Hueniverse: "Making an API call is like asking a question and if the question is simple enough, the answer is easy to come by. For example, asking to describe a single user is simple. A single database lookup using a single unique key is fast and generally easy to scale. This is the most optimized use case in relational databases. However, asking for the last 20 messages of all the friends I am following is not a simple question. It is complex because it is really a list of questions batched together. To find the last 20 messages, we must ask:
* Who do I follow?
* What are their last 20 messages?
* Of all the messages found, which are the most recent 20?
* What is the content and other metadata for each of these 20 messages?
This list of questions becomes pretty inefficient with a very large set of friends being followed. However, the data set can be reduced by first finding the top 20 friends with the most recent updates, and only requesting their 20 latest messages. Even with this optimization, we are looking at fetching up to 400 messages in order to display 20. This gets much worse when the request is for the second page of messages (messages 21-40) where we can fetch up to 1600 messages from up to 40 friends in order to display 20 messages. By the 5th page we are fetching up to 10,000 messages to display 20 (which might explain why Twitter temporarily disabled the paging feature of their API)."
Let's ignore the notion of an inbox for now that avoids the who-do-I-follow-means-a-sql-join problem and look at paging over the network. The way some services exposes paging physically ensures each page has to be recomputed every time there's a new addition - new content keeps getting added to page=1, pushing everything else down off the main page causing a ripple effect over the set of pages. As a result, pages easily can't be archived and are tricky to cache - the content of "page=5" changes every time there's new content on the homepage (in Twitter's case new content on the hompage is extrememly frequent), because the paging model is a pushdown stack. Here's that stack:
home page --> page=2 --> ...
Now watch what happens when we add a new message, msgN-0:
home page --> page=2 --> page=3
msgN-0 msgN-9 msgN-18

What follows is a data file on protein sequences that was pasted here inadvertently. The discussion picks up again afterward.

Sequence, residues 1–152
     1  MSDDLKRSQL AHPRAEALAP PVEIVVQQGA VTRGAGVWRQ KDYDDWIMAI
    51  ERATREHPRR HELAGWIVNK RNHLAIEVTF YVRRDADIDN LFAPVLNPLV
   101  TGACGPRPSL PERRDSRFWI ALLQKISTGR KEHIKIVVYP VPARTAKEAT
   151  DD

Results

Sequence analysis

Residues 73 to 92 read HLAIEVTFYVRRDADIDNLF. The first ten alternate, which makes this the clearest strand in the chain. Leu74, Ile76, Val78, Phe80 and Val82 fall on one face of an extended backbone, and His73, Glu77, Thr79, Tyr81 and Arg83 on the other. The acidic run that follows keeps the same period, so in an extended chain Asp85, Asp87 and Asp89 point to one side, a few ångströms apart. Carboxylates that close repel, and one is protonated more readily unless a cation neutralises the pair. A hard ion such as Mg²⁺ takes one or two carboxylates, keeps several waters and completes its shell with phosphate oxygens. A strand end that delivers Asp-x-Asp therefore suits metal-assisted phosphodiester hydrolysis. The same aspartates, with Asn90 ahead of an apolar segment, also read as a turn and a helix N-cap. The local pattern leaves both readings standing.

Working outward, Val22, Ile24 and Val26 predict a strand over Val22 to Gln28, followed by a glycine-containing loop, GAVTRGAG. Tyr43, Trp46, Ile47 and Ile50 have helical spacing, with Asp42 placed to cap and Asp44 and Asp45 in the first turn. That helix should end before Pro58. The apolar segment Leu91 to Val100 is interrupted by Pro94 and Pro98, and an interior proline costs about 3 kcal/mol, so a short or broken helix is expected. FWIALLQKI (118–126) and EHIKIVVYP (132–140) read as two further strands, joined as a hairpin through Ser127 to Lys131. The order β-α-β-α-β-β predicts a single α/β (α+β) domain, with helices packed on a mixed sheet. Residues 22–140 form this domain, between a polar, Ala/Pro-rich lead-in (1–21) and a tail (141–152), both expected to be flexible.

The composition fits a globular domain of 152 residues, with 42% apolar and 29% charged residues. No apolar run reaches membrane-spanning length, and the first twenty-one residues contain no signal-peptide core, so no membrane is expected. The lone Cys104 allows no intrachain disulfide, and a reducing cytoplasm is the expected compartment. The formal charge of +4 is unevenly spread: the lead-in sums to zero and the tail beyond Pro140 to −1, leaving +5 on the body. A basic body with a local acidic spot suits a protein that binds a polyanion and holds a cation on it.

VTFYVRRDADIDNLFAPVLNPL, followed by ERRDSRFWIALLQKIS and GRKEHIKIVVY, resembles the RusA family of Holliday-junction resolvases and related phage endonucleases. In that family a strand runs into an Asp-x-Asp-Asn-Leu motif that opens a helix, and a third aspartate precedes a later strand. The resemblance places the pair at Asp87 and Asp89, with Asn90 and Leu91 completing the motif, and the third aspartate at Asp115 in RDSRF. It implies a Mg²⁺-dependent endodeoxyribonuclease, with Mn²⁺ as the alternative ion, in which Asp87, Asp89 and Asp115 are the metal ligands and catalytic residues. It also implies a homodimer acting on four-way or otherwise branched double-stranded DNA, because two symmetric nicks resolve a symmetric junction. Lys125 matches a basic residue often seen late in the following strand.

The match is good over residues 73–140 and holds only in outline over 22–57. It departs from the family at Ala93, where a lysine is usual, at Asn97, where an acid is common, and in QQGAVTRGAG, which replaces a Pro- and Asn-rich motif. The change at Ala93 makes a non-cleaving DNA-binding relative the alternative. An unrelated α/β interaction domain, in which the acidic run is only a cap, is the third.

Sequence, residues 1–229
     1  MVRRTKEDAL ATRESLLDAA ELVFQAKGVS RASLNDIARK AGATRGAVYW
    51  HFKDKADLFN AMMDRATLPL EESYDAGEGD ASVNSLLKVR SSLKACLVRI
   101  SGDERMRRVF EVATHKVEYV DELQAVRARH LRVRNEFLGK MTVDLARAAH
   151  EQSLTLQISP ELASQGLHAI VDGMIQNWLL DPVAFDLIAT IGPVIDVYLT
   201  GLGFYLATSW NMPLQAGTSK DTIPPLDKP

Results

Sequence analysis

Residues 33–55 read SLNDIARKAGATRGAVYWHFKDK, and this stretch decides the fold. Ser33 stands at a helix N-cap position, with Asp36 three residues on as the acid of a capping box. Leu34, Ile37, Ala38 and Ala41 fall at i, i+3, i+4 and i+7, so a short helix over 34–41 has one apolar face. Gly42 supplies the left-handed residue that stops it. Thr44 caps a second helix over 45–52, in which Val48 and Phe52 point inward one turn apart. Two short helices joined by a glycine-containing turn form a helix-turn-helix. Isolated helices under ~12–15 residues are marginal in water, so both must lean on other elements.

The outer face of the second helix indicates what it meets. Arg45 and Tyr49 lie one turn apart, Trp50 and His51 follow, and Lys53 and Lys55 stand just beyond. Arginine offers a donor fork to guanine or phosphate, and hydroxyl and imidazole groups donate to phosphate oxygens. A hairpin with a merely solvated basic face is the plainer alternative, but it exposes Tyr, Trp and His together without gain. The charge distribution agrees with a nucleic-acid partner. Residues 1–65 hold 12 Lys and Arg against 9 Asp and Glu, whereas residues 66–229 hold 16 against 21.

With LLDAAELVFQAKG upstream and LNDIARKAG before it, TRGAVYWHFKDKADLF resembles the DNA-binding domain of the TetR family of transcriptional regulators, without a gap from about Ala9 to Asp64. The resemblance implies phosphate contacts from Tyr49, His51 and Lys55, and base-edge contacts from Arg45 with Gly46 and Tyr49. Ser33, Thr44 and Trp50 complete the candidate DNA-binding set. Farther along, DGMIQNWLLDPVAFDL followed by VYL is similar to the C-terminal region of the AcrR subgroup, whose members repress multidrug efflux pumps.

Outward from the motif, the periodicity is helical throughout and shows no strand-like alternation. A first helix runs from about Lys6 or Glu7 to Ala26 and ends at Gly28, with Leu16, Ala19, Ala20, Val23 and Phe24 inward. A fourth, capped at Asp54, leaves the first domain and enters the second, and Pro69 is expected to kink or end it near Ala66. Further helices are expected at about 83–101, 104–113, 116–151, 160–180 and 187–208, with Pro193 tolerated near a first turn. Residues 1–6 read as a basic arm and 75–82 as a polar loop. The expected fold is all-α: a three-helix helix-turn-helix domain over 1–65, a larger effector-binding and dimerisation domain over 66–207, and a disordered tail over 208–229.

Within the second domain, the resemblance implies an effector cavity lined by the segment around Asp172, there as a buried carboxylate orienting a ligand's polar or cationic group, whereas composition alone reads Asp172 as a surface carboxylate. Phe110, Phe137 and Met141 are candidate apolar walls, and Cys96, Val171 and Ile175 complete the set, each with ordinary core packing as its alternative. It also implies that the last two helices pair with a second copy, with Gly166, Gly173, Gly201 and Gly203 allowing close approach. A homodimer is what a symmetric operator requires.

All the messages are pushed down and logically, every page in the stack gets touched. As a result nothing is long term cacheable and nothing is physically archivable to disk. It's inherently non-scalable.
Another approach would be to work the paging backwards by counting down. In that model page=1 will be the oldest page not the newest one. Like this:
home page --> page=N --> ... page=1
msgN-1 msgN-10 msg9
msgN-2 msgN-11 msg8
msgN-3 msgN-12 msg7
msgN-4 msgN-13 msg6
msgN-5 msgN-14 msg5
msgN-6 msgN-15 msg4
msgN-7 msgN-16 msg3
msgN-8 msgN-17 msg2
msgN-9 msgN-18 msg1
the homepage is linked to page=N, not page=1. So great, let's add a new msg:
home page --> page=N --> page=1
msgN-0 msgN-10 msg9
msgN-1 msgN-11 msg8
msgN-2 msgN-12 msg7
msgN-3 msgN-13 msg6
msgN-4 msgN-14 msg5
msgN-5 msgN-15 msg4
msgN-6 msgN-16 msg3
msgN-7 msgN-17 msg2
msgN-8 msgN-18 msg1
Note that we let the homepage grow by 1. That stopped propagation to the other pages. When the home page gets too big we can push some messages back to a new page and splice it into the list:
home page --> page=N+1 --> page=N --> page=1
msgA msgN-1 msgN-10 msg9
msgB msgN-2 msgN-11 msg8
msgC msgN-3 msgN-12 msg7
msgD msgN-4 msgN-13 msg6
msgE msgN-5 msgN-14 msg5
msgF msgN-6 msgN-15 msg4
msgG msgN-7 msgN-16 msg3
msgN-0 msgN-8 msgN-17 msg2
msgN-9 msgN-18 msg1
Upside? N-2 pages can be archived, even taken off your active database and served as flat files or out a memcached layer (if a database what you're using). If you don't mind a long homepage, you can manage the resizing just on the homepage and splice in a new page when the length of the homepage is 2x your archive page size. Downside? Somebody will file a bug that the main pages vary in size.
By the way, if you designed your Data API around Atom and RFC5005 thus telling everyone "follow the next link" instead of "compute the next link's url, then follow it", you could switch physical paging models after the fact - the user agent doesn't care about your notion of a linked list, it'll key off the "rel" paging attributes. Whereas if you exposed the counting model directly via URL parameters, all clients will need to be upgraded. It's basic Data API practice to tell clients to follow typed links instead of asking them to compute parameterised URLs.
- July 20, 2008
- Posted by: dehora